Public Health Opens School Waiver Applications and Focuses on Rising Cases in Isla Vista
By edhat staff
The Santa Barbara County Public Health Department (PHD) announced elementary schools can now apply for waivers as the focus shifts to rising COVID-19 cases in Isla Vista.
During a presentation to the Board of Supervisors on Tuesday, an overall decrease in new case rates, hospitalizations, and intensive care unit (ICU) has made elementary schools within the county eligible to apply for waivers of in-person learning.
The process is now available for K-6 schools and is put in place by the California Department of Public Health (CDPH). The local waiver application form is being finalized and should be available later this week on PHD's website, however, all the necessary requirements are available on CDPH's website.
The school's superintendent, or equivalent position, must submit evidence of consultation with labor and parent organizations, must publish the school's reopening plans on the website of the local educational agency. PHD will then review the application, reopening plan, and local community epidemiological data while consulting with CDPH to make a determination whether to grant or deny the waiver.
Once approved the school must meet all the necessary guidelines and distancing to reopen.
If Santa Barbara County has an increase of COVID-19 cases, Governor Newsom has reportedly assured PHD the school's waiver would not be rescinded but will be monitored more closely.
Overall COVID-19 Cases Decrease as Isla Vista Spikes
As of Monday, Santa Barbara County had a total of 7,454 COVID-19 cases. Of those, 278 cases are active, an 11.6% decrease over the past two weeks.
Santa Maria, the city with the most cases, had a 41% decrease in new cases over the past two weeks. Similarly, Santa Barbara decreased by 25% and Lompoc by 38%. Overall hospitalization rates decreased by 24% and ICU rates by 4%.
The concern is now focused on Goleta that increased by 18% and Isla Vista that went from 22 COVID-19 cases to 78 within a two week period, a 255% increase.
PHD Director Dr. Van Do-Reynoso stated this is most likely reflective of students coming back to the area, high-density living, increased social movements, and gatherings.
This week the World Health Organization (WHO) warned that the COVID-19 pandemic is now being driven by people in their 20s, 30s, and 40s who don’t know they are infected. Most of the young people either never developed symptoms or had mild symptoms.
“This increases the risk of spillovers to the most vulnerable: the elderly, the sick, people in long-term care, people who live in densely populated urban areas,” said Dr. Takeshi Kasai, WHO’s regional director for the Western Pacific.
Dr. Do-Reynoso stated a similar distribution of cases is being seen in California and Santa Barbara County as 66% of local cases are from people aged 18 to 49.
The decreased virus transmission in Santa Maria is believed to be due to focused outreach efforts, said Dr. Do-Reynoso. PHD will now be focusing on the younger population, especially in Isla Vista, and hopes to see results in several weeks similar to North County.
A new focused outreach video with the "Protect. Respect. Wear Your Mask." campaign features young people between 16 and 39 to encourage their peers to wear a mask and protect the health and safety of Santa Barbara County.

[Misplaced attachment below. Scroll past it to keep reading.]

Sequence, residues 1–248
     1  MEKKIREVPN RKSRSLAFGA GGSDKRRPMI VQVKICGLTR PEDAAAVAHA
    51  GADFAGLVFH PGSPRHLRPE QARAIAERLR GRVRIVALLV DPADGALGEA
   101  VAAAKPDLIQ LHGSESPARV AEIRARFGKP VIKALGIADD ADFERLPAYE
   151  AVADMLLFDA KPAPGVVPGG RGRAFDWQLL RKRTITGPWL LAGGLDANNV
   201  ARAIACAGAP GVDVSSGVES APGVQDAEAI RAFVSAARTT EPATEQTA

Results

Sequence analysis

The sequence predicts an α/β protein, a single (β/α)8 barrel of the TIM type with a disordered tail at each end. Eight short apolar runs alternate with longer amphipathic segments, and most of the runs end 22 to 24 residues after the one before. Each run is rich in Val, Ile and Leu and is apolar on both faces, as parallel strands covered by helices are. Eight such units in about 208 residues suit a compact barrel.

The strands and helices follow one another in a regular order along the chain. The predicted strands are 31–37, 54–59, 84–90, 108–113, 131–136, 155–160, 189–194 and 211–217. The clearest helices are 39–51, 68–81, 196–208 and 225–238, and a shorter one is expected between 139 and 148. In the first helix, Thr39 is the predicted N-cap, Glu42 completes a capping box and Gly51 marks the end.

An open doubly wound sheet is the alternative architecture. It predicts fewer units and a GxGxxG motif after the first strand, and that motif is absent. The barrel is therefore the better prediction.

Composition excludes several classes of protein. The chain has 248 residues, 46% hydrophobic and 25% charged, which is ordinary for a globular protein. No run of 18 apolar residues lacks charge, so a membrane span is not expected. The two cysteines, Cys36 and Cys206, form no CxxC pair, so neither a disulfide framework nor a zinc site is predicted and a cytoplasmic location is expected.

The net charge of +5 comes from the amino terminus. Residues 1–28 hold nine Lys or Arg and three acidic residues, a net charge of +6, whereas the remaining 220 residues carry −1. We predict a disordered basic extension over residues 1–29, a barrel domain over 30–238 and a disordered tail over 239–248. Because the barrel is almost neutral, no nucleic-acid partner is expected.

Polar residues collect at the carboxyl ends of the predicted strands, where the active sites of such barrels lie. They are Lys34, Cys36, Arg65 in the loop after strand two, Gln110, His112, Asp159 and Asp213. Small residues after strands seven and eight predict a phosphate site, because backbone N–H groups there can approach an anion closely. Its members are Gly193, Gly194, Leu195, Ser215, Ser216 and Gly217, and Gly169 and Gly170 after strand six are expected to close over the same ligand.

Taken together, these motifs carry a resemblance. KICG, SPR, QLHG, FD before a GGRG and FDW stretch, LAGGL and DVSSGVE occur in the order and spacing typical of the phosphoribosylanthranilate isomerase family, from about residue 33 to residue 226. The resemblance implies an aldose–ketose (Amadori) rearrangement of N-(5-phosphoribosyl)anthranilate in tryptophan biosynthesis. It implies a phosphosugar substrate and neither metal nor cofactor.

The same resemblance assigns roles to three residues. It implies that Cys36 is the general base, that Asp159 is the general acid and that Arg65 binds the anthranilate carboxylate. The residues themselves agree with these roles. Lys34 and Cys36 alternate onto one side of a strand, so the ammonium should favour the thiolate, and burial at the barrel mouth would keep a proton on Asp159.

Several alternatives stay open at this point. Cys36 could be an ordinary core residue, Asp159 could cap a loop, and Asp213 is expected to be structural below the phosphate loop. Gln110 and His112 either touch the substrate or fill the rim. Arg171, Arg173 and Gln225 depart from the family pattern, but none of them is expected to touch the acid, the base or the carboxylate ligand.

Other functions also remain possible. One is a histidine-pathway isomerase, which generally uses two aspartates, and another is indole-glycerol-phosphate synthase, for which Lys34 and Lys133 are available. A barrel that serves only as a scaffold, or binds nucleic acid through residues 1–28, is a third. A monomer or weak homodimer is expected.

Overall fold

State Reconciles Backlogged Data
On Monday, CDPH released retroactive data from the backlog in their CalREDIE system. PHD teams worked throughout the weekend to reconcile the numbers with the state's methods and all the numbers are accounted for in Santa Barbara County.
The positive testing rate decreased from 9.1% to 8% in just over a week and the case rate per 100,000 went from 323.4 to 158.9 in the past two weeks. While the decrease makes it possible for the state to allow elementary school waivers, Santa Barbara County still does not meet the threshold of these two categories to be off the monitoring list.
Dr. Do-Reynoso stated because of the restrictions by the state on what can reopen, it's critical to have good data. Due to the state's different methodology and lag times of data input, there will always be a difference between the state and county numbers, she said.
PHD has been very vocal of their frustrations of reconciling data and made their concerns known to CDPH, said Dr. Do-Reynoso.
As a reminder, even with a decrease in cases or being removed from the state's monitoring list, Santa Barbara County is unable to reopen new business sectors or allow indoor operations without a new health officer order from the Governor's office.
PHD is reporting an additional death of an individual who tested positive for COVID-19. The individual was in the 50-69 age range, with underlying health conditions, resided in the City of Santa Barbara and unincorporated area of Mission Canyon, and is associated with a congregate living facility. Deaths are reported when a death certificate is processed listing COVID-19 as a cause or a significant condition. The process can take several days and up to 2 months to finalize if pending Coroner verification. Total COVID-19 related deaths in Santa Barbara County are now 81.
There were 29 new cases reported bringing the grand total to 7,481 with 256 of those active. There are currently 59 hospitalizations including 22 in the ICU.
Two previously identified cases were removed. A case can be removed for being out of the county, duplicate, or non-positive lab result, etc., according to PHD.
More data can be found at https://publichealthsbc.org/status-reports/.